Wild Last Night at the Melting Pot in Shanghai – And Joe Chou’s Secret Revealed

April 20, 2010

So I was supposed to be out of Shanghai on Monday, skipping my flight to Paris and catching one to Toronto on Air Canada. I was supposed to arrive there at near midnight and then take the first flight available to Paris from there. That was the plan the volcano forced me into – a plan as wacky as those of the hundreds of thousands of other travelers stuck in Shanghai and around the world.

I ran into a colleague at the airport who had a boarding pass for his flight to Zurich yesterday, that now has him leaving on 2 May! My problem was different: After 45 minutes wait in line at the check-in desk, I was bumped off the flight because my company’s travel agency had not issued the ticket so although the airline saw that I was booked, I was not allowed on the flight.

So I will try again today. But after an initial feeling of desolation, I returned to Shanghai, booked a room at the Hilton, called up Jeff of Bee Dees Music Bar and asked if he knew of anywhere to play on Mondays. He reminded me of what I had already been told by Paul of Oscar’s: Head over to the Melting Pot at 288 Tai Kang Lu and listen to a set by Joe Chou. After Joe’s set is finished, the evening turns into a jam session, and I’d be able to play.

“If you’re footloose,” said Jeff, “you can explore the neighborhood around the Melting Pot. It’s a really hip area with boutiques and restaurants, and you could eat there first since Joe’s set doesn’t start till 10 PM.”

I have to rush now because I have to get out of the hotel and back to the airport. So suffice it to say that I wish I could share every minute of the evening, because that area of Shanghai, full of small alleys all made up into cool boutiques and restaurants, with a lot of the old style buildings and windows and alleys still prevalent, is very, very cool indeed. Galleries, stores, clubs – and the restaurant I ate in was Thai food. First good Asian meal I had since arriving here.

And the Melting Pot, remember, – I think I mentioned this – was the place Tom & Jerry had invited me to listen to their band on Sunday night. I couldn’t make it because I was too late settling travel arrangements and finishing my race duties. But this is a fabulous room and I regret not seeing Tom & Jerry there. It is a large, chic room with a beautiful, comfortable sized stage with decent sound and spotlights, a full drum set and lots of other equipment.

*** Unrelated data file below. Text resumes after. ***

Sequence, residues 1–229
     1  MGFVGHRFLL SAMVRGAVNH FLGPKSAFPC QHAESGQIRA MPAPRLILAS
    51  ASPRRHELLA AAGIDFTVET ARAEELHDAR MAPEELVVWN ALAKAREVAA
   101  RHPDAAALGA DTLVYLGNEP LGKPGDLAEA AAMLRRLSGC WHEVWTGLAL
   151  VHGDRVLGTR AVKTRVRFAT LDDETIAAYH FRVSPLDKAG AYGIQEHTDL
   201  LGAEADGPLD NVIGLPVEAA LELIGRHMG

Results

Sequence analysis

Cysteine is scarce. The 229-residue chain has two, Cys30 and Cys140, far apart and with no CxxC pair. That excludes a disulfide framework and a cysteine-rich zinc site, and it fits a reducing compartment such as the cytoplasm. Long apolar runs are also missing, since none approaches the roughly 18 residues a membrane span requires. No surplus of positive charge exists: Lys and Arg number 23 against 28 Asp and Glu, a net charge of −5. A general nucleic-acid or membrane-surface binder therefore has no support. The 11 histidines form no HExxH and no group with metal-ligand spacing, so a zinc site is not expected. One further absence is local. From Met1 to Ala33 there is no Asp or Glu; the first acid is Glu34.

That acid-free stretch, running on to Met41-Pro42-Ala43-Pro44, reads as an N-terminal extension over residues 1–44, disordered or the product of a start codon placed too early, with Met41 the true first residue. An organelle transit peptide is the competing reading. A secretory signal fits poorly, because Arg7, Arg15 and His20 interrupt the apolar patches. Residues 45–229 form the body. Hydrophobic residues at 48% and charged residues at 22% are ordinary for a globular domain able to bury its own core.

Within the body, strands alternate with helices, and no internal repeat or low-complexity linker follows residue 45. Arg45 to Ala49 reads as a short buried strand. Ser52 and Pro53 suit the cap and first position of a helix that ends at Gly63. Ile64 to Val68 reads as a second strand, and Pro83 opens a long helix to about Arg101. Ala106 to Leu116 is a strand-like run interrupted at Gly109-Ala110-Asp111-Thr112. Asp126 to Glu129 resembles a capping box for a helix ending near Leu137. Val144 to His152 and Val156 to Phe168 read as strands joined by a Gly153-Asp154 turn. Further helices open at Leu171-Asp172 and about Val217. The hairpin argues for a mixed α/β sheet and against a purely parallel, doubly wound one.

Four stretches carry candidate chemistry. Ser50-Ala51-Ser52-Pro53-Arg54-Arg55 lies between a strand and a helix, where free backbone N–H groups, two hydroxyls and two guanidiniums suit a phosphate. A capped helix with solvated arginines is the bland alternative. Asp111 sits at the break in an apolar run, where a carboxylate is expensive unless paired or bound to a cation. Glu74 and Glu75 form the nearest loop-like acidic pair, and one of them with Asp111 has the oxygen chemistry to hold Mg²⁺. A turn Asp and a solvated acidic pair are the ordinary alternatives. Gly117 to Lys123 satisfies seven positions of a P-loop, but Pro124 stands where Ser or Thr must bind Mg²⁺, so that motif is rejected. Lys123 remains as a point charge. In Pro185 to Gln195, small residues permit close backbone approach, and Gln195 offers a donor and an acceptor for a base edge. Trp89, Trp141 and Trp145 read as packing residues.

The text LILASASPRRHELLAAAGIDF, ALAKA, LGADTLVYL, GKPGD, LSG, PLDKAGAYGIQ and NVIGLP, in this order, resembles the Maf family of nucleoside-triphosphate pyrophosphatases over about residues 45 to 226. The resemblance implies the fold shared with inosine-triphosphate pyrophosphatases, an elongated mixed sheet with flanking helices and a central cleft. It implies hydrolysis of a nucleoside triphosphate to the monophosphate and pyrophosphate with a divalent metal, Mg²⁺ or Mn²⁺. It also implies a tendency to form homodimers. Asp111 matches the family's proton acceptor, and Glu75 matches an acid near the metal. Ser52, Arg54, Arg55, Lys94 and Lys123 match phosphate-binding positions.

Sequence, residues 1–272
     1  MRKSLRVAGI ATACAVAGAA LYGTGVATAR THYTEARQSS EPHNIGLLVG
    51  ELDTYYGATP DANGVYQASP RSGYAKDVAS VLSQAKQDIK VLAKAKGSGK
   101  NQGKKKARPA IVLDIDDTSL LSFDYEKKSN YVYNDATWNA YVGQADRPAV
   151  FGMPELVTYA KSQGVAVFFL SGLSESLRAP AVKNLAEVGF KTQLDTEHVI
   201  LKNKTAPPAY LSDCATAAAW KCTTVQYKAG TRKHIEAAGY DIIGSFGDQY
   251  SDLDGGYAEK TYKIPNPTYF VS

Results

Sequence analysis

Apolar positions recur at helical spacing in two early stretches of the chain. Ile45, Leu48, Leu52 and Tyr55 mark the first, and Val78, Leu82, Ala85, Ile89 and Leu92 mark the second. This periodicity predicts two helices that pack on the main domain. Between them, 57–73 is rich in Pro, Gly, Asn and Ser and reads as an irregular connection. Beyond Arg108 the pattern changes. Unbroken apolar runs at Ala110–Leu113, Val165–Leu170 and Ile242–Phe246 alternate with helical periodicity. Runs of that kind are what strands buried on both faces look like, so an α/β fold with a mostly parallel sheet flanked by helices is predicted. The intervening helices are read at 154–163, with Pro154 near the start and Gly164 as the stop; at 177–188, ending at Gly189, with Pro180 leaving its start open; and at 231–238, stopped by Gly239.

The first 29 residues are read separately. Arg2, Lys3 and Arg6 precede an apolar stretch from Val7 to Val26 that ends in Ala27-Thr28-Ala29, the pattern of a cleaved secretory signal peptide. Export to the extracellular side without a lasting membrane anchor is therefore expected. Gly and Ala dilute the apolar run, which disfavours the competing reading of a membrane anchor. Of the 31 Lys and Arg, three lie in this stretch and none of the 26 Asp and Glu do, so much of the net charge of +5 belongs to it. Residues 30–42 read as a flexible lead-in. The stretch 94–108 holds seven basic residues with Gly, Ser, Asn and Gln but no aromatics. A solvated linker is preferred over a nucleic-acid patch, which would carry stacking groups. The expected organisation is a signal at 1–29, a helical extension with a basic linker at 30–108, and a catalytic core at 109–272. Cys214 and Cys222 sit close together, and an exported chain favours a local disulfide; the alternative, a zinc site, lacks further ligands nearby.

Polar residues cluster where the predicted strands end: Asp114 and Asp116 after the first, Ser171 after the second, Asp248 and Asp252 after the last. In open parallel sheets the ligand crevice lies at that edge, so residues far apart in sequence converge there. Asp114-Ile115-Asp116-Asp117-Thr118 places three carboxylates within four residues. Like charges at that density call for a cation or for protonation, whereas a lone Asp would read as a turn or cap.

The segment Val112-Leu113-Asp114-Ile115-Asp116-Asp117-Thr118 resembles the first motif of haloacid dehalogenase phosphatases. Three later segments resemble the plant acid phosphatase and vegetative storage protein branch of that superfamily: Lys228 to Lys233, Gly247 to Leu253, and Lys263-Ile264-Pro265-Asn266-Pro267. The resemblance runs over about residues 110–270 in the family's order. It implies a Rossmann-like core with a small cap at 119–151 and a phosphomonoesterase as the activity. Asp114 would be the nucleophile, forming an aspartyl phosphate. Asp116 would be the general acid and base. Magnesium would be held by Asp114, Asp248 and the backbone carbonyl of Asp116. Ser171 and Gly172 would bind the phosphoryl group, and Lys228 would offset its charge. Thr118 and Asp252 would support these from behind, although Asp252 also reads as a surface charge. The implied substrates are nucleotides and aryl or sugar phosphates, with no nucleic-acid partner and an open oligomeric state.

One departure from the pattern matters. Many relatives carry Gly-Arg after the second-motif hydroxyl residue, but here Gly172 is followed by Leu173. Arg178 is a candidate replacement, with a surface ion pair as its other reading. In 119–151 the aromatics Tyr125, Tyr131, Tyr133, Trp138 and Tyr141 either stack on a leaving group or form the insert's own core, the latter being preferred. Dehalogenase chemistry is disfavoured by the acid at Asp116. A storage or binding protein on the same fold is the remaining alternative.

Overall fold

First thing Joe saw me he asked to play with my Seagull S6 guitar. So he started his set with my Seagull, although the night was in fact predominantly electric, very fusion, rock. After he played with my guitar he did his set with his Stratocaster – with a sticker of Hendrix’s “Axis Bold as Love” album cover on it – and with a drummer and bassist, both Chinese.

After he finished, he invited me to do my music and I did a few songs and had someone record some of them with my Zoom Q3. Then Joe played another set, but this time with another member of the audience playing drums. That was Tony Hall, from Boston. Tony later joined Joe to sing a little too, when Joe again used my guitar. Another guest or two would later take to the stage, and I went up a second time and finished off the evening.

My second appearance was thanks to the enthusiasm for Joe Chou of one guest in the club who insisted Joe play again with my guitar. That’s when I learned Joe’s secret about how he got that sitar sound from his Martin at Oscar’s. Suddenly I saw that MY guitar was being set up by Joe in this odd manner. He was putting the two strings, 1st and 2d, together into the same slot up near the tuning pegs so they rattle together against each other. And of course he did an open tuning as well. I’ve never seen this before and don’t know how inventive it is, but it has a wonderful effect.

A very cool thing happened also in that I got to talking with the man who was so enthusiastic about Joe’s music, and it turned out he was a relatively major sponsor of a Formula One team! We’ve agreed to meet at the next race and talk shop. Isn’t it extraordinary how things come together in life when you get out there and live it!